Months after all the talk about Democrats signing on to Medicare for All proposals, or attempts to move us in that direction, Senator Elizabeth Warren has proposed a plan to further regulate private insurers as a way to strengthen Obamacare. It is important to keep in mind that she remains a co-sponsor of the single payer bill introduced by Sen. Bernie Sanders, but here’s what she recently said about the politics of that:
…as Warren made clear in a January speech before the consumer group Families USA, she understands that enacting a single-payer plan would be difficult ― and that, as a result, private insurance probably won’t disappear overnight. And so she also wants to focus on what can be done right away to subject the industry to the type of stringent consumer protections she has already successfully championed in the financial sector.
“So long as private health insurance exists, we should require these companies to provide coverage that is at least as good and priced as reasonably as the coverage offered by our public health care programs,” Warren said in January.
Here are some of the specifics Warren has included in her bill:
- Cap premiums to 8.5 percent of income and increase federal subsidies
- All private insurance plans would be required to spend 85 percent of their premium dollars on paying out insurance claims (ACA currently requires 80 percent for insurers in the individual market and 85 percent for those in the group market)
- Prohibit insurers from making changes to covered providers during the course of treatment
- Tighten rules requiring coverage of “essential” health benefits
- Reinstate the federal government’s cost-sharing reduction payments to insurers
- Require insurance companies that bid on Medicare Advantage and Medicaid contracts to offer plans on the ACA marketplaces to increase competition
While those are all laudable goals, the fact that Warren has chosen to go in this direction tells us a couple of things. As noted from her speech to Families USA, she has accepted the fact that single payer is not likely to happen anytime soon and meanwhile, there are problems with Obamacare that require attention. Given that the list of new regulations Warren is proposing would never be acceptable to congressional Republicans and Donald Trump, this is clearly what she would hope to accomplish when/if Democrats win majorities and the presidency. That speaks volumes about where Warren assumes her party stands on healthcare.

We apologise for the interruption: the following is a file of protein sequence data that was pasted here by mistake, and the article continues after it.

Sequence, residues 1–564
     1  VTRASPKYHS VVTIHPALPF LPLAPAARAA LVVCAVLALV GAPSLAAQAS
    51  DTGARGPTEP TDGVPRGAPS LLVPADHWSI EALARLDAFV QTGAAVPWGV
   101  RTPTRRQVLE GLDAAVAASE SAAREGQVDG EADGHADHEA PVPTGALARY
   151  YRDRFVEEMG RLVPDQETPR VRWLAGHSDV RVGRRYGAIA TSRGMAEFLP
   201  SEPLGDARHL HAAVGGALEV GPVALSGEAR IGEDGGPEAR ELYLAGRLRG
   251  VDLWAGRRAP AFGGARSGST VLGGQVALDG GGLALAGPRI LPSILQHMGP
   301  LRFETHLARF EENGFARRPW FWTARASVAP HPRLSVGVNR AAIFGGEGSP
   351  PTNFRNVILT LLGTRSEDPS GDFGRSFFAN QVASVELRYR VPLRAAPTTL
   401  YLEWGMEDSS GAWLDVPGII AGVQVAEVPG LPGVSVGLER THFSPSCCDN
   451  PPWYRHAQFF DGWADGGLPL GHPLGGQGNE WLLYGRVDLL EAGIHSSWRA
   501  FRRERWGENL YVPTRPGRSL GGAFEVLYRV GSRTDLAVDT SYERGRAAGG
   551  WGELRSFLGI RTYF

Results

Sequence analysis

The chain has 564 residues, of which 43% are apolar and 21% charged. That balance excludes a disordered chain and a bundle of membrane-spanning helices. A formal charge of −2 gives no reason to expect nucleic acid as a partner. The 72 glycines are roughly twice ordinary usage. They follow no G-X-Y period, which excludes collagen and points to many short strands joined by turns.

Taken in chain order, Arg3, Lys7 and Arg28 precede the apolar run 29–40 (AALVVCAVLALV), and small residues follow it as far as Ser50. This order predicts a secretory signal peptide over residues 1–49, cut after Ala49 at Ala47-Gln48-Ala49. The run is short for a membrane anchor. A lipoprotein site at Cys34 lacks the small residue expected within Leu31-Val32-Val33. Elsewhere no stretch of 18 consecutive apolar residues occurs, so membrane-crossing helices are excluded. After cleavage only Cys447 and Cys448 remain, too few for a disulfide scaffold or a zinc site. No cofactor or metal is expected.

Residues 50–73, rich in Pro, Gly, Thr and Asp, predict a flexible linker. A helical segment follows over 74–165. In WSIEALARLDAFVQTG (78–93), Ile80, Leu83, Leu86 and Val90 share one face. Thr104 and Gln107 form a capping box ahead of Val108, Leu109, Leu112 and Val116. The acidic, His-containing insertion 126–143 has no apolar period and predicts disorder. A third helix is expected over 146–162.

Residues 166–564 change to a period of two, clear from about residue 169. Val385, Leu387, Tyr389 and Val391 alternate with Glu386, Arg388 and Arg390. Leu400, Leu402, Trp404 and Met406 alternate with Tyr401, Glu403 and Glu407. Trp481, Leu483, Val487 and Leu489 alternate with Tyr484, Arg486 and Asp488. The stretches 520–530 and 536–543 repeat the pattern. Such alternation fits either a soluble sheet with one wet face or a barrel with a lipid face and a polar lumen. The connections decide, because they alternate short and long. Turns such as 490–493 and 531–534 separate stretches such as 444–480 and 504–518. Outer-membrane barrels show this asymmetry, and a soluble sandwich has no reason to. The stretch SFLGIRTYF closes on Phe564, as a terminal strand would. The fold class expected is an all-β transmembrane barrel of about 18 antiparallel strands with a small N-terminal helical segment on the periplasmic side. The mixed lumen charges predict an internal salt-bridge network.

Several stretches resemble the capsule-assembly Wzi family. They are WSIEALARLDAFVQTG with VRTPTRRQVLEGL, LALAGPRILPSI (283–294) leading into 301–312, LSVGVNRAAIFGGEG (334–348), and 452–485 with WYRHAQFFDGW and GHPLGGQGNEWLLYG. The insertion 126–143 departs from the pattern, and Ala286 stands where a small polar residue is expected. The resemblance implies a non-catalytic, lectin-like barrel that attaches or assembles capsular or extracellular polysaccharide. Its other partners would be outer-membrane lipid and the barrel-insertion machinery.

Secondly, unlike the kinds of options that would move closer to single payer, such as an expansion of Medicare or Medicaid, Warren isn’t proposing anything that takes us in that direction. That is what I find most puzzling about this proposal. It might have something to do with the fact that, as Andrew Sprung noticed after hearing the speech referenced above, the villain Warren sees as the problem with healthcare in this country is the insurers. That explains why she is focused on additional regulations to rein them in.
In order to move in the direction of single payer, it is clear that one of the biggest challenges will be to control the costs of healthcare in this country and that means dealing with providers. Opening up Medicare or Medicaid to additional populations means that they will be paid less than they currently get from private insurers. In the end, it is much more difficult politically to paint doctors and hospitals as villains.
In her own way, Warren has exposed the issue that proponents of Medicare for All will have to grapple with: private insurance companies aren’t the only problem in our current healthcare system. The other two factors will be much more difficult politically. In addition to the need to control costs, over half of the population is currently covered by an employer-based plan and the vast majority of them like their coverage. By avoiding those two challenges, Warren places herself among the “pragmatic incrementalists” instead of the “philosophical transformationists,” as described by Ezra Klein—at least when it comes to healthcare.